Custom Chicken Coop Run in 5 Easy Steps

There’s something undeniably rewarding about building a custom chicken coop run. Not only does it provide a safe and healthy environment for the chickens, but it also offers the opportunity to create a unique space that’s truly yours.

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Basics of a Chicken Coop Run

At its core, a chicken coop run is a designated, enclosed area that allows your chickens to roam, forage, and bask in the sun while remaining protected from predators. It’s an integral part of any chicken coop, contributing to the health and happiness of your flock.

Going custom has its perks. By creating your chicken coop run, you’re not just ensuring that it fits your specific needs and preferences, but also adding a personal touch that pre-fabricated runs often lack. Moreover, a DIY project gives you the flexibility to adapt and evolve the coop run design over time.

Essential Factors to Consider

When crafting your chicken coop run, it is critical to consider some fundamental aspects that will significantly influence your flock’s health and well-being. Delving deeper into these essential factors will give you a more comprehensive understanding of what building a custom chicken coop run truly entails.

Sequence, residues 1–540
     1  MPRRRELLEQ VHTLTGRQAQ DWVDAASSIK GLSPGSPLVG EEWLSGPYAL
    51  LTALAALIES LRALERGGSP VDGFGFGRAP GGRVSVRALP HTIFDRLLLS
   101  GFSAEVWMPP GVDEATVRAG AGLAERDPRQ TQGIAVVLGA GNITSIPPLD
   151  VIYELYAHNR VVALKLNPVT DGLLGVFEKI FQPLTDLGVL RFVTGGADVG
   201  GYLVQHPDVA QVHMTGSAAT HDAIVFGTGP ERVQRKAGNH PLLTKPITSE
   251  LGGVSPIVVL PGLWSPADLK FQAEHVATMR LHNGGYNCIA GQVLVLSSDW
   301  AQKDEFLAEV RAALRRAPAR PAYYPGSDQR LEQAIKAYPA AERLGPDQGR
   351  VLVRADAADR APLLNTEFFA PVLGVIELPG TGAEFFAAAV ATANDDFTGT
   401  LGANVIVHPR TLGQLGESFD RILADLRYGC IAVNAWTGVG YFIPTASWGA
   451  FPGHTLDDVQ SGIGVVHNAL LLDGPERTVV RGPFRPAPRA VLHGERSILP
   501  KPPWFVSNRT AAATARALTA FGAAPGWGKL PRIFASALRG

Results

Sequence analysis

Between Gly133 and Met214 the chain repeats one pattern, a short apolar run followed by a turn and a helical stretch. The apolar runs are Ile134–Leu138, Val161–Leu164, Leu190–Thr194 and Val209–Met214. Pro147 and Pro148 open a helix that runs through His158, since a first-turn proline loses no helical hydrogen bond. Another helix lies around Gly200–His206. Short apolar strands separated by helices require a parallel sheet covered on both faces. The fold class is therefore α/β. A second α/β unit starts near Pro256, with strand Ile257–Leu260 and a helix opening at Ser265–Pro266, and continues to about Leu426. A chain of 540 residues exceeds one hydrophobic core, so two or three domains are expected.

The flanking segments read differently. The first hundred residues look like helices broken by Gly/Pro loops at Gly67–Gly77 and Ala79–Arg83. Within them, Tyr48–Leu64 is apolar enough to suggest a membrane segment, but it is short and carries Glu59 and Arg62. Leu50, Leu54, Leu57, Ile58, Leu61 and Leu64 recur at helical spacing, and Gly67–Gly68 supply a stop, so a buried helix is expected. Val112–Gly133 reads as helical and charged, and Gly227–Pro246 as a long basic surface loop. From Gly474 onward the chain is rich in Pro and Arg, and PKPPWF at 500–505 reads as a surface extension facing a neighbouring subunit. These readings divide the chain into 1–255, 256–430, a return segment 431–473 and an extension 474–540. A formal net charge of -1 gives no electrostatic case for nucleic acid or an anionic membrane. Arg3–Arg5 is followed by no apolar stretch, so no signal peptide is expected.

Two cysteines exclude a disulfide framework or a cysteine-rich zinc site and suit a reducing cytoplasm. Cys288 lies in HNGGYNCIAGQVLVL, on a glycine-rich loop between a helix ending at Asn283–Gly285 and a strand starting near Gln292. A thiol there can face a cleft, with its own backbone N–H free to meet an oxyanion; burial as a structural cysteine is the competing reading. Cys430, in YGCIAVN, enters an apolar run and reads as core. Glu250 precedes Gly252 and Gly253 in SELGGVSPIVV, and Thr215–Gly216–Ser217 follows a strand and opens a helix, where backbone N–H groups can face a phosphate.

Space Requirements

One of the most critical considerations when designing your chicken coop run is space. The amount of room your chickens have to roam and forage directly impacts their happiness, health, and egg production. The general rule of thumb for outdoor run space is to allocate at least 10 square feet per chicken. However, if you have the room, erring on the side of extra space is always a good idea.

In a larger space, chickens can establish their pecking order, comfortably forage, and express their natural behaviors without getting in each other’s way. If the run is too cramped, it can lead to aggression, feather pecking, and a host of health issues, which is something you’d certainly want to avoid.

Location and Orientation

The placement and orientation of your coop run are also vitally important. Chickens need both sun and shade throughout the day. Position the run so that it gets a good amount of sunlight, as this is beneficial for their health and mood. It helps them to produce vitamin D, which is essential for egg production.